stereotype when they held melons to their lips, opened their mouths wide, and snapped the shutter. They did not need a critical view of their self-presentation for the camera, in other words, in order for the latter to be framed by assumptions about race and class. Manuals consumed by amateur photographers at the turn of the twentieth century taught readers how to play with racial caricature in their snapshots and to look at black bodies as comic elements in their compositions. This work was most often performed through captioned illustrations rather than through direct textual instruction. Consider a pair of photographs illustrated in F. Dundas Todd’s First Step in Photography, a practical manual aimed at early Kodakers. In a chapter on how to print and tone your photographs, without any obvious connection to the technical discussion at hand, the book presents two toddlers before and after a sizeable snack (fig. 70). The incongruity of these pictures would not have been lost on readers, who were fed plentifully on a diet of racial humor; these blond children were not the subjects they expected to find partaking most gleefully in a watermelon feast. It was precisely this incongruity that would have stimulated laughter among a class of amateurs who could identify readily with the children’s absent parents. Humorous, too, was the ambiguity presented by the “after” photograph. Were the broad smiles of the toddlers replaced by expressions of displeasure and anguish because the feast came to an end and they wanted even more of the fruit? Or was it the feast itself that made them so unhappy—melon-colic, as period humor was fond of saying? They had indulged, after all, in a pleasure constructed specifically for others—a trope introduced in chapter 3. However readers interpreted this joke, they would have learned by example that authorities on amateur photography saw the appearance of fun as serious business. Here is what one such authority, W. I. Lincoln Adams, had to say in 1906 about the “value” of the pictures that Kodak trained Americans to make at home: Snapshots are often carelessly made, in the spirit of frolic . . . , of a group of friends, a family party, or some young children at their play. But the uncertainty of life, causing, perhaps, the disappearance of one of the bright young faces from the happy group, may give that particular little snapshot value far beyond the measure of mere dollars and cents; as it may contain the best or only portrait of the lost child or friend. . . . An album filled with snap-shots of a family of young children, taken at different ages and at their various sports and pastimes, in summer and winter, grows in interest and value with the passage of years until it, too, becomes a priceless possession.7 This passage makes several important assumptions. First, friends, family, and children made the best subjects of amateur photographs. Second, these pictures were responses study in black and white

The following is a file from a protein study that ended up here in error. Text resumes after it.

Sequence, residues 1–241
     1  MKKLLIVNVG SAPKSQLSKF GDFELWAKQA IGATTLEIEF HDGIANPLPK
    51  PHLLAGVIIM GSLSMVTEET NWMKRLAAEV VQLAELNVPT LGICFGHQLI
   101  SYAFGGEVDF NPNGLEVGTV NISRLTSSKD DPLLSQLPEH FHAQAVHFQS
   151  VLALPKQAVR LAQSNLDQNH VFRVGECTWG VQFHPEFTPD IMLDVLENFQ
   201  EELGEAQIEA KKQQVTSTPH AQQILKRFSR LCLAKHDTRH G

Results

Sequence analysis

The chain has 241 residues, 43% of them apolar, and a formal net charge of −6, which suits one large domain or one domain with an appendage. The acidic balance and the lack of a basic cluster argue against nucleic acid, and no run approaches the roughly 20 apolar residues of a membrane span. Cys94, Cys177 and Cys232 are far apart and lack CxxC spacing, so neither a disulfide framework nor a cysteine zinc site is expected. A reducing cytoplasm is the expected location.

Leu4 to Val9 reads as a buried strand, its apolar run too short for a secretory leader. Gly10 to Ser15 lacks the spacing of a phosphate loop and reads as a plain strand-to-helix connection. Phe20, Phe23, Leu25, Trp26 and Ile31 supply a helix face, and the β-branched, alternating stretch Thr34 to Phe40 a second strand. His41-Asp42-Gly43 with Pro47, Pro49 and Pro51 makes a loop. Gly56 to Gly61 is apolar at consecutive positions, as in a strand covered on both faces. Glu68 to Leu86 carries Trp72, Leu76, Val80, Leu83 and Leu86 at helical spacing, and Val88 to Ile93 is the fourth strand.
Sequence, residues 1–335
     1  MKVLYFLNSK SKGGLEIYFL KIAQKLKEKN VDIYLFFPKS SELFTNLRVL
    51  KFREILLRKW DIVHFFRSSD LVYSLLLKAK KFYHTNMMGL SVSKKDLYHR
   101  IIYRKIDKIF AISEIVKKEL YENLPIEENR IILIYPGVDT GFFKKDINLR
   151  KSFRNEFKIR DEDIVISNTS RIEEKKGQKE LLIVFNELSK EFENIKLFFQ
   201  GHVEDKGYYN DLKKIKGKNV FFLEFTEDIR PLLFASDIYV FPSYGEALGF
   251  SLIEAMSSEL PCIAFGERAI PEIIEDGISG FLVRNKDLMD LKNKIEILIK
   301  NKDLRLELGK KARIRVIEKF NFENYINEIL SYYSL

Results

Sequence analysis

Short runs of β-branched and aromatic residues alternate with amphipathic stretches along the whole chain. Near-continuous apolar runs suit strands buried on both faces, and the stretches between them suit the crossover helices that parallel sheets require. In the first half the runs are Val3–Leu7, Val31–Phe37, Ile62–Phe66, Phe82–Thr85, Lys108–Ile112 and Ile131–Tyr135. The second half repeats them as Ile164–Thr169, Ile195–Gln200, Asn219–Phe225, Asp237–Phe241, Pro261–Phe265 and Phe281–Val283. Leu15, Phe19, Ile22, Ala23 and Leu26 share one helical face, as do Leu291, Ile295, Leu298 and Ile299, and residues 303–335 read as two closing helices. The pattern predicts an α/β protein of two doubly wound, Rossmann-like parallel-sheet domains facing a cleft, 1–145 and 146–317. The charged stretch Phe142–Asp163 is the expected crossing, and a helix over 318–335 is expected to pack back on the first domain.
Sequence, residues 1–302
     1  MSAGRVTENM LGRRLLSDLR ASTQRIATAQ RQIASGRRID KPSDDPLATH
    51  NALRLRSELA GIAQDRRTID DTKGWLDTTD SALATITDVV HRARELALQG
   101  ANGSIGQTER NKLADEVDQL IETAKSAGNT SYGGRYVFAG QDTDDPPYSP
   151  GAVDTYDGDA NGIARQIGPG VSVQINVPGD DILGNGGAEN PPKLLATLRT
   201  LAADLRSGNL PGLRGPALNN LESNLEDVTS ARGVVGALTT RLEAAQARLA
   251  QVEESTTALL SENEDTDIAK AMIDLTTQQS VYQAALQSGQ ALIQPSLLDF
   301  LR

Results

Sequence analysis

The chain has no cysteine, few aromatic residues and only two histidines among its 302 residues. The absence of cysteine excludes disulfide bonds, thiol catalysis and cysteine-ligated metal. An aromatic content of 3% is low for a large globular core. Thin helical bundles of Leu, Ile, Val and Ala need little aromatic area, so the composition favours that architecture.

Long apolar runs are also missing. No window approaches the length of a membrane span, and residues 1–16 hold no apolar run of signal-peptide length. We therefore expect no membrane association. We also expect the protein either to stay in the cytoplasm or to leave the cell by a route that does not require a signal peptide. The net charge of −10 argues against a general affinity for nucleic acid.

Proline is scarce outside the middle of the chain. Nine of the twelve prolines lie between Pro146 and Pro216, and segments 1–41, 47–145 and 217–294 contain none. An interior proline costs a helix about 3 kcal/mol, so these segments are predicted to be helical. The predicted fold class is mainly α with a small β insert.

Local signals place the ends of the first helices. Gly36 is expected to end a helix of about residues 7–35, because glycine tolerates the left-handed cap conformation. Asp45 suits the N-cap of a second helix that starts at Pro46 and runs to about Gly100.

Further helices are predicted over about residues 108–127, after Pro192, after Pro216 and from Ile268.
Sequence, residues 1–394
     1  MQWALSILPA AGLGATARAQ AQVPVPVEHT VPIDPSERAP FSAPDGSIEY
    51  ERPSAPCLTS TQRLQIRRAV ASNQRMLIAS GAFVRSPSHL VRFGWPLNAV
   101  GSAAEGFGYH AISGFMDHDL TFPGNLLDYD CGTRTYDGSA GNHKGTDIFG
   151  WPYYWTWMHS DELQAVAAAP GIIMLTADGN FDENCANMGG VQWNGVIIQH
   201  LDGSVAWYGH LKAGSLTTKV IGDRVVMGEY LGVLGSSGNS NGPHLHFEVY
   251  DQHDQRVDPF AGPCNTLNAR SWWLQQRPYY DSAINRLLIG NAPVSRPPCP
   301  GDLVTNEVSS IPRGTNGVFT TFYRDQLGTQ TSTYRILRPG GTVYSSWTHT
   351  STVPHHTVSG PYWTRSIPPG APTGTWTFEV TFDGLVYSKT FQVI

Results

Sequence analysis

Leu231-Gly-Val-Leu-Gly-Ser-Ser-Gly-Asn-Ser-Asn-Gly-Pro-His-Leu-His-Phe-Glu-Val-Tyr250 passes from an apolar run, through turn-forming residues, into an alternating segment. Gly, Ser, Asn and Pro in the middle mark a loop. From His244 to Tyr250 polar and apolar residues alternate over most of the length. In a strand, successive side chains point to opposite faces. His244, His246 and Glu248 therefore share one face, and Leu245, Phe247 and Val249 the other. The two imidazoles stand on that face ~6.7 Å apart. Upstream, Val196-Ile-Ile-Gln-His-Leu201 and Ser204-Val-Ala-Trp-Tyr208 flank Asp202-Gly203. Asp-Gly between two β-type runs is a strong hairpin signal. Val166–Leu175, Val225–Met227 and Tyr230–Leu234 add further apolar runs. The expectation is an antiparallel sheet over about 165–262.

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to perceived threats to the white bourgeois family, among them high child mortality rates. Finally, the snapshot had a life of its own that exceeded that of its subjects, especially for the viewers of a photographic album, where these pictures were most often encountered. The literature on amateur photography in the Progressive-Era United States, in other words, conceived of this popular practice as pushing back against a fantasy of racial death. And so when we see racial humor in early snapshots, we must remember the high stakes with which joy was staged for the amateur camera, and how much whiteness mattered.